2013 Ford C-MAX Road Test Review
By Tim Healey
Ford's 2013 C-MAX Hybrid has flown sort of under the radar--we'd almost forgotten about the vehicle until we received our invitation to drive it at the company's press preview--but after spending a day driving it in Southern California, we think it might soon be getting a wee bit more press.
Built to compete with the Toyota Prius V, the C-MAX is basically a cross between a Focus and an Escape with a hybrid powertrain (a plug-in hybrid, dubbed the C-MAX Energi, is planned for the near future).
Ford invited us to Los Angeles and its surrounding environs to test out the C-MAX among the glitterati and paparazzi, and we found that this new player in the hybrid game presents some intriguing questions to hybrid buyers.
Powered by a 2.0-liter gas engine paired with an electric motor (lithium-ion batteries supply the charge, marking the first time Ford has used them in a hybrid), the C-MAX is a four-door, five-seat compact crossover that won't be available with a non-hybrid powertrain.
Available in two trims, SE and SEL, C-MAX offers features such as: Ford's MyFordTouch and Sync infotainment systems, a hands-free power liftgate, in-floor storage, dual-zone climate control, a USB port, Bluetooth, a capless fuel-filler, keyless entry, Ford's MyKey security key, a tilt/telescope steering wheel, 17-inch wheels, a panoramic sunroof, an EcoGuide that tells the driver how efficiently he/she is driving, satellite radio, a reverse-sensing system, ambient interior lighting, a push-button start, and a park-assist system.
Prices start at $25,500 for the SE and $28,200 for the SEL. The SE we tested, which included MyFordTouch, the power liftgate, and a reverse-sensing system, cost $27,990, including the $795 destination fee.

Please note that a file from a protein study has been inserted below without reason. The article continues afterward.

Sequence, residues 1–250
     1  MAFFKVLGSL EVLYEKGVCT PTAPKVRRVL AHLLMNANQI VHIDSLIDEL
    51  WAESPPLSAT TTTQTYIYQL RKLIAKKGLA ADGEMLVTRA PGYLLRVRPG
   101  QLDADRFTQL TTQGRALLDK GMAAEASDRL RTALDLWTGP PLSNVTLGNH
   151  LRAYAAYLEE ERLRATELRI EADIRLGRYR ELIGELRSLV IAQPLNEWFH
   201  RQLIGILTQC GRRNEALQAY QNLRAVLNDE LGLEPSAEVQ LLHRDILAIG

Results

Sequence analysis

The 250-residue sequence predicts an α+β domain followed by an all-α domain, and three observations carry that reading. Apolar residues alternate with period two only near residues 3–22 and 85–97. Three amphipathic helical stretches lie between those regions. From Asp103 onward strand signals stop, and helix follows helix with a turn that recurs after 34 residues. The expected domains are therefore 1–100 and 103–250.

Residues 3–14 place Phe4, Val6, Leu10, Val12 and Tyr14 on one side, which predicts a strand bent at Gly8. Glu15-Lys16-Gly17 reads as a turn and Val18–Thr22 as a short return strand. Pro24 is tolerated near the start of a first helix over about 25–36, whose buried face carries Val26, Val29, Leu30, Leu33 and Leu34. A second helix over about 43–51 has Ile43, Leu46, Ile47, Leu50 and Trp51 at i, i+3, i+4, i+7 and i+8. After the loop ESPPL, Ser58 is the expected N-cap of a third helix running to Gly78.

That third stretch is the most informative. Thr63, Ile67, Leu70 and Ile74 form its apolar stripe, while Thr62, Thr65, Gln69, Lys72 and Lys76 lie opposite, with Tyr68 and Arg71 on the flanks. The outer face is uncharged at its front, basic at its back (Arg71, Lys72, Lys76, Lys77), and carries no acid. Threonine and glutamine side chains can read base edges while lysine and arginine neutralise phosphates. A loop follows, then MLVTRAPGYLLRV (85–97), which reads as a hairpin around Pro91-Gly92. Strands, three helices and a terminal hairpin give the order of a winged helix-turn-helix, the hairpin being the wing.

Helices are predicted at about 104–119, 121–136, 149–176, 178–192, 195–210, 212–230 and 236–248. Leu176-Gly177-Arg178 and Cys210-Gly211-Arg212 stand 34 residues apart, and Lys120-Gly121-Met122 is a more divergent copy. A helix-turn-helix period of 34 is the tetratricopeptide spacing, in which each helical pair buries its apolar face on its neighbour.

On the Road
The C-MAX's hybrid powertrain puts out 141 horsepower from the gas engine (that power uses a continuously-variable automatic transmission, or CVT, to get to the ground), and 188 total when combined with the electric motor. Total system torque is listed at 129 lb-ft. That's enough to move the C-MAX smartly around town, but it's only adequate for blasting from corner to corner on the back roads. The C-MAX also seems to run out of breath when accelerating at higher speeds, like one might need to do when passing on the highway.
Where the C-MAX shines is in ride and handling. The ride is sporty but never overly stiff, and the C-MAX offers nicely weighted steering with a precision accuracy rarely found in this class. The brakes also do a nice job slowing the proceedings, but they do get a bit spongy in initial pedal travel. Overall, this front-driver is pretty sprightly in the corners.
Wind and road noise is generally subdued, although some does trickle through, especially at highway speed.
The interior will be familiar to anyone who's spent time in the Focus or Escape. It's handsome for the class, and for once, MyFordTouch worked seamlessly. The high seating position lends an SUV air to the C-MAX, and headroom and legroom up front were adequate if not extraordinary. We liked the panoramic sunroof on the SEL trim we drove, and the underfloor storage in the cargo area is nice, even if the load floor is flat.
The hands-free tailgate is handy, but one must have the key fob in his or her pocket to make it work, and it's hard to find the right spot to "kick" at the bumper to activate the sensor. Yes, that's right, waving your foot under the rear bumper activates the hands-free tailgate.
We found the design to be a bit of a plainer version of the Escape, but we still liked it, especially when parked next to a Prius. It's not a head turner, but drivers won't be ashamed to be seen, either.
Fuel Economy & Safety
The C-MAX has the standard complement of airbags plus a driver's knee airbag to go along with traction control, stability control, roll stability control, and a brake-assist system.
The C-MAX is rated at 47 mpg (city and highway). We saw 35.6 during the first part of our drive, no doubt due to lead feet, but some journalists on our launch were reporting numbers in the 60s.
The C-MAX isn't particularly striking to non-hybrid buyers (we'd love to drive this thing with an EcoBoost gas engine, but we'll have to settle for the Escape instead) but it does present a fun-to-drive alternative to the Prius V. If we had to go hybrid, this one would be high on the list.
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